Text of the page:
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Re: how to fix a nackered system by fixing every installed rpm ?



David Timms wrote:
> Hi, I am recovering a system that has a corrupted system drive after a
> disk death in a raid 5 array. Unfortunately the disk rebuild on a new
> disk (larger size) didn't go well. Some files are fine, others have dir
> entries, but are full of crap.
> 
> Booting linux rescue, I have fsck.ext3 the lvm root vol and it fixed the
> structure errors for more than one hour. It still didn't boot.
> 
> It looks like all the dir entries are there, and the contents of some
> files {eg text files in /etc/ and /root/} are OK, other file just have
> junk chars {blocks in midnite commander}.
> 
> When I tried to chroot /mnt/sysimage, It complained {I forget what} and
> didn't chroot.
> 
> I have another similar machine with same OS and updates, so {backed up
> the corrupt rpmdb and} copied the rpmdb from the other machine. I copied
> all the rpms from the install dvd into some available space {separate
> logical volume}.
> 
> I tried to --rebuild the rpmdb, but no success {probs with DB3}. rpm -V
> shows thousands of md5 bad files. I am able to eg:
> # rpm -Uvh --root=/mnt/sysimage rpm --force
> So I have over-installed various bits that are missing, and managed to
> get db4, rpm, and yum to be able to run.
> 
> I yum install gtk2 and it says nothing to do, but rpm -V gtk2 shows a
> heap of problems.
> 
> Is there a way to get yum to reinstall what rpm says is installed, but
> in fact is not actually there ?
> {doing it with rpm alone seems like a long way around ?}.
> 
> Any other ideas ??
> 
> Ta, DaveT.
> 
You are probably better off backing up your good config and data
files, wiping the drive, and doing a fresh install. Treat the system
the same way you would a cracked system. With file corruption as bad
as you indicate, you are better off assuming that all files are
damaged until you check them. Running rpm -Va is not going to catch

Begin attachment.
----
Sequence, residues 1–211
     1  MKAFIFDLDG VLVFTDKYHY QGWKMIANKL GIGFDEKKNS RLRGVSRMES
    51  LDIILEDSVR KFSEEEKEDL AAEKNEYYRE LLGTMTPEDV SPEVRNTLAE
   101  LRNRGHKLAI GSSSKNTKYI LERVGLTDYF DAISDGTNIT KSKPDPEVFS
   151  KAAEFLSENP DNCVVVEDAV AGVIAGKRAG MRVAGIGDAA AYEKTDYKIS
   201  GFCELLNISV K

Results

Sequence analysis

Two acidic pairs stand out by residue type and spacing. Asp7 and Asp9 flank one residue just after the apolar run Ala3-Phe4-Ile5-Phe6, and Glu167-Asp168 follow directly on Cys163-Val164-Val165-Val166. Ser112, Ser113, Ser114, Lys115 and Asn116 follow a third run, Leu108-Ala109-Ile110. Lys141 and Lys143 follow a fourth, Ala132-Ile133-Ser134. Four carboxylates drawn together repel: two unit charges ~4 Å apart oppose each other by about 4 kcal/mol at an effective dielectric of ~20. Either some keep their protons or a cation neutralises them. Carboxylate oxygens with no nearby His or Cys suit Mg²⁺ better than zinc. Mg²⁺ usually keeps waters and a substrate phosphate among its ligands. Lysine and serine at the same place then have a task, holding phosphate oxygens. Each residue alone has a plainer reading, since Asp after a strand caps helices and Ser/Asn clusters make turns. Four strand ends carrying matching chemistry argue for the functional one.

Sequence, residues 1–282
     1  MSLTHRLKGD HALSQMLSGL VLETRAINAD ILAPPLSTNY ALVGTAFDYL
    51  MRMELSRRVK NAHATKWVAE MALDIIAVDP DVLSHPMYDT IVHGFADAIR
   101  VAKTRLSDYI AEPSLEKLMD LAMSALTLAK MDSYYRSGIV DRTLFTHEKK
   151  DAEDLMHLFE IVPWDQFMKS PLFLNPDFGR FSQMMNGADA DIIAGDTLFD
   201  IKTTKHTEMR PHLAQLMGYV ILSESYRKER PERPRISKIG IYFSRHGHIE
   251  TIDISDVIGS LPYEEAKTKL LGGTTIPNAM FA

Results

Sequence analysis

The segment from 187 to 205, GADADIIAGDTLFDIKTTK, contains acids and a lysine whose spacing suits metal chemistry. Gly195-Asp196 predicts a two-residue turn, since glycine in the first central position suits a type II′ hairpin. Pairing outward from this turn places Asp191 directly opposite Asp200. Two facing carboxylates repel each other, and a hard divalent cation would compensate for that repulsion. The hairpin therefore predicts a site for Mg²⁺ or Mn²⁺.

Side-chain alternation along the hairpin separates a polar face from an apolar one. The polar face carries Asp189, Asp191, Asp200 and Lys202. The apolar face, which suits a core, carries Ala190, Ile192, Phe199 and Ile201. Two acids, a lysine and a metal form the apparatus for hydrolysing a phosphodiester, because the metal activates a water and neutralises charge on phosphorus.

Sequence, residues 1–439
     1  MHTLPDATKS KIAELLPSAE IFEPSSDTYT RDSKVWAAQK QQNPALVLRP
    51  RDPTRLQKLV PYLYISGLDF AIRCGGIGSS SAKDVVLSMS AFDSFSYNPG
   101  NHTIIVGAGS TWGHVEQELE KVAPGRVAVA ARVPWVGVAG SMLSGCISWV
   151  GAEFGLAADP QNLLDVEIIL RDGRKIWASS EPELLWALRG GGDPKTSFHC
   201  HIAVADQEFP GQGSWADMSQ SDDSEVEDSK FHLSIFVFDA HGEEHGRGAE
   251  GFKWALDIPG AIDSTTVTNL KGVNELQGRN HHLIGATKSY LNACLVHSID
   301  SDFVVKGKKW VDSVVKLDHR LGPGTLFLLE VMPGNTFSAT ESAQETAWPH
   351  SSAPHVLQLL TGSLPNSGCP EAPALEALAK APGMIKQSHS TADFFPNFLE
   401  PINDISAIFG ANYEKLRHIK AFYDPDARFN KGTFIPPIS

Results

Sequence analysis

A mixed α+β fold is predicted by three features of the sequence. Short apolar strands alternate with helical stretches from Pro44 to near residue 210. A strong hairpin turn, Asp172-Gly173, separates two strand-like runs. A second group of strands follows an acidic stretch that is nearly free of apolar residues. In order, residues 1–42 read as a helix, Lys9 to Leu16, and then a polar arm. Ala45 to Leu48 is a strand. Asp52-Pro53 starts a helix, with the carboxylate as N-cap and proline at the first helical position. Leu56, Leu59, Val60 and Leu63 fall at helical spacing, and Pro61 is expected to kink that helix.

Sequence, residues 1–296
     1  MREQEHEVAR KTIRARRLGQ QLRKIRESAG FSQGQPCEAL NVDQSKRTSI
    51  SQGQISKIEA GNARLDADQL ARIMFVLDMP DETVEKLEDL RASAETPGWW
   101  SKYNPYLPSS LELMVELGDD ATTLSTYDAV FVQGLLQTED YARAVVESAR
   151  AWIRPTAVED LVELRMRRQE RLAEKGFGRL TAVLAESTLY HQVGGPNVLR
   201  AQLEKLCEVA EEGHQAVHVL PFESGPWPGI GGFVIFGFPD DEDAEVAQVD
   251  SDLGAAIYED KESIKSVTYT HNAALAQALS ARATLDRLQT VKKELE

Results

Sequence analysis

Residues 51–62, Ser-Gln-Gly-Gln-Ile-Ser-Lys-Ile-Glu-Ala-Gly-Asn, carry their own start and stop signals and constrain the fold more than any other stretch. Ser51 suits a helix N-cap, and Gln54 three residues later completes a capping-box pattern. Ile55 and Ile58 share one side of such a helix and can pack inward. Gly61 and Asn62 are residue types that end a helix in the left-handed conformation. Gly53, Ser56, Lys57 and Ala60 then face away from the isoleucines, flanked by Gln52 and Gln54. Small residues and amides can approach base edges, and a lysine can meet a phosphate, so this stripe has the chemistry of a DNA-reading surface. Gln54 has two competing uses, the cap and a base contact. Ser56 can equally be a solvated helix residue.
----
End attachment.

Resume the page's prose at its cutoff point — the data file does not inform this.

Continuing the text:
everything. It can only check the files in the RPM database. Any
custom configuration files will fail the test. User files, and
generated files like menu's and passwords are not checked.

You may want to look at using kickstart to make the install easier -
you can generate the kickstart file on the machine you coppied the
RPM database from.

On another note, I am not sure what you were trying to do with the
--rebuild option, but I suspect that it does not do what you think
it does. It will not fix the RPM database or the installed files.
The --rebuilddb will sometimes repair a corrupted RPM database, but
also does not fix the installed files.

If you are are going to try and fix it instead of doing a new
install, you may want to try running something like: (NOT tested!)

for i in $(rpm -qa) ; do
  echo Trying to fix $i.
  rpm -i --quiet --oldpackage $i >> /tmp/fix.log
done

If you run this in the directory with all the RPMs in it, it will
attempt to re-install all the installed RPMs. But it will generate
an error if there is a newer package installed then is in the
directory, or if the package is not in the directory. It will
probably generate some .rpmnew and/or .rpmsave files where you have
change the config files.

Mikkel
-- 

  Do not meddle in the affairs of dragons,
for thou art crunchy and taste good with Ketchup!

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